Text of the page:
It wasn’t all that long ago that the media and banking industry commentators would worry about the coming train wreck in commercial real estate. But peculiarly, that topic has more or less receded from view. It appears the public has only so much interest in banking stories, and the frenzied coverage of financial services non-reform plus eurozone sovereign debt woes, which are really eurozone bank woes, took center stage.
But as predicted, the decay in the commercial real estate loans continues at an impressive pace. This isn’t quite the disaster in the making that subprime was. CMBS is a smaller market and its defaults, while stunning in relationship to historical norms, are not expected, even in a worse case scenario, to reach the same level.
RealPoint’s monthly delinquency report for July (hat tip Richard Smith) shows how rapidly conditions are deteriorating:
• All deals seasoned at least a year have a total unpaid balance of $767.76 billion, with $60.45 billion delinquent – a 7.87% rate (up from only 5.28% six months prior).
• When agency CMBS deals are removed from the equation, deals seasoned at least a year have a total unpaid balance of $736.75 billion, with $60.39 billion delinquent – a 8.2% rate (up from only 5.46% six months prior).
• Conduit and fusion deals seasoned at least a year have a total unpaid balance of $655.41 billion, with $54.69 billion delinquent – a 8.35% rate (up from only 5.33% six months prior). (emphasis theirs)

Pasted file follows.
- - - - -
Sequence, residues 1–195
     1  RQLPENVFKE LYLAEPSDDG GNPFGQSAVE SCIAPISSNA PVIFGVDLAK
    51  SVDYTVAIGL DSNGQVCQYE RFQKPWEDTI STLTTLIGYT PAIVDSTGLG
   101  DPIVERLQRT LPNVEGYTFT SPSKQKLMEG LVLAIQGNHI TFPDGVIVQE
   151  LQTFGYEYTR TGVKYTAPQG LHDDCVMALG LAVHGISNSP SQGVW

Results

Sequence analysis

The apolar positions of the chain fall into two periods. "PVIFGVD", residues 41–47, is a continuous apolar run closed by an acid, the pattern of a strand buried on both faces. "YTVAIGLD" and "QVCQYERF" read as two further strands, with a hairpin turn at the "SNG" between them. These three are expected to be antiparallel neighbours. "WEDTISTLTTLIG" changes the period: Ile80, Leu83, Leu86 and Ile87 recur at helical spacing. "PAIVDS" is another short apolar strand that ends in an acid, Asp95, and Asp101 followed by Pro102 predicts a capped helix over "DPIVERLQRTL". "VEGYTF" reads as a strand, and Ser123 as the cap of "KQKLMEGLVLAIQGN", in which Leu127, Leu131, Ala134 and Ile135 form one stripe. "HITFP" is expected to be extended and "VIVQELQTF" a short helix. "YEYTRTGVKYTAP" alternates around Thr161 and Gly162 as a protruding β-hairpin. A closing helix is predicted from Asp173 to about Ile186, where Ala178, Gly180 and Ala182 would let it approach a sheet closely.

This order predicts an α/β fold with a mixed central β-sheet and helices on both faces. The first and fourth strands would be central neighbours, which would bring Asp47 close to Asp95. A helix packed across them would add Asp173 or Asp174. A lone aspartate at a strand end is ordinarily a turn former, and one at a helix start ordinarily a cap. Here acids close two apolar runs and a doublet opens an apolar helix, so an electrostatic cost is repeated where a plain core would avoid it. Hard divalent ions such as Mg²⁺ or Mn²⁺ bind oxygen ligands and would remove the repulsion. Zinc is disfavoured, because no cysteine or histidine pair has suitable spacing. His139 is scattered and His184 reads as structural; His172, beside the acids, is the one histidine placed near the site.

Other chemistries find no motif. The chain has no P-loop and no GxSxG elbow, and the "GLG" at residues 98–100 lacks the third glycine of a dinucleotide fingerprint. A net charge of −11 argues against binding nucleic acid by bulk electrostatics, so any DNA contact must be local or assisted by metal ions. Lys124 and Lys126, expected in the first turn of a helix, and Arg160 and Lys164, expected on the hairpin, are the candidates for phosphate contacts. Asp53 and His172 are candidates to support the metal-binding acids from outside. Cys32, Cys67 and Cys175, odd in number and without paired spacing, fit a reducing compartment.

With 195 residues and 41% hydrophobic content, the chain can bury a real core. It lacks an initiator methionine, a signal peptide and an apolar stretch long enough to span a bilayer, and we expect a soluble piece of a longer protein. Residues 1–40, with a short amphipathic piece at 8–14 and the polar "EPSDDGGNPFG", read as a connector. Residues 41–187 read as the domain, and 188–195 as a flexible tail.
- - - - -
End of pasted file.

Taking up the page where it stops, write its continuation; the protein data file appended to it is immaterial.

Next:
Note loss severities have increased too, and now stand at 49% (which is really bifurcated; some properties are resolved at or barely under par values, while the rest averages loss severities of roughly 58%).
Deals that are performing are not necessarily out of the woods. CRE loans typically have large balloons; the expectation is that a mature property with a decent rent roll can refi. Wellie, that isn’t a given now, since funds for refis are scarce.
The report is chock full of data, but there is no good news here, only shades of bad. As Richard Smith observed, “I’m not sure why people say there isn’t a CRE crash. It’s just happening in slow motion, so far.”